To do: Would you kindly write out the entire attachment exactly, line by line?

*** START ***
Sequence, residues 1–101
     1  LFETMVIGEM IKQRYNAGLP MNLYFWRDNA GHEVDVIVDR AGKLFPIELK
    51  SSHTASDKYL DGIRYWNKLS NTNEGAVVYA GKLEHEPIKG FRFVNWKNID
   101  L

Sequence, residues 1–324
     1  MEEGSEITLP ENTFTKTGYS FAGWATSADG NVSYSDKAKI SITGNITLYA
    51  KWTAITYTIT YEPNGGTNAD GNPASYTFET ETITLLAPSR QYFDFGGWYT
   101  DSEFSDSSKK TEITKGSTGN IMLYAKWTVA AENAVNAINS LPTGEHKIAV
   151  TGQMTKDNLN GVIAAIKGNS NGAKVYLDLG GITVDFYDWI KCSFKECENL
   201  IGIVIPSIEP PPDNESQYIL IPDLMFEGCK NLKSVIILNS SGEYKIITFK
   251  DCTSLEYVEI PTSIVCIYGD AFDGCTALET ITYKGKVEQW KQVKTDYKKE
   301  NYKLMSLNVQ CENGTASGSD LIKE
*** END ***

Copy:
Sequence, residues 1–101
     1  LFETMVIGEM IKQRYNAGLP MNLYFWRDNA GHEVDVIVDR AGKLFPIELK
    51  SSHTASDKYL DGIRYWNKLS NTNEGAVVYA GKLEHEPIKG FRFVNWKNID
   101  L

Sequence, residues 1–324
     1  MEEGSEITLP ENTFTKTGYS FAGWATSADG NVSYSDKAKI SITGNITLYA
    51  KWTAITYTIT YEPNGGTNAD GNPASYTFET ETITLLAPSR QYFDFGGWYT
   101  DSEFSDSSKK TEITKGSTGN IMLYAKWTVA AENAVNAINS LPTGEHKIAV
   151  TGQMTKDNLN GVIAAIKGNS NGAKVYLDLG GITVDFYDWI KCSFKECENL
   201  IGIVIPSIEP PPDNESQYIL IPDLMFEGCK NLKSVIILNS SGEYKIITFK
   251  DCTSLEYVEI PTSIVCIYGD AFDGCTALET ITYKGKVEQW KQVKTDYKKE
   301  NYKLMSLNVQ CENGTASGSD LIKE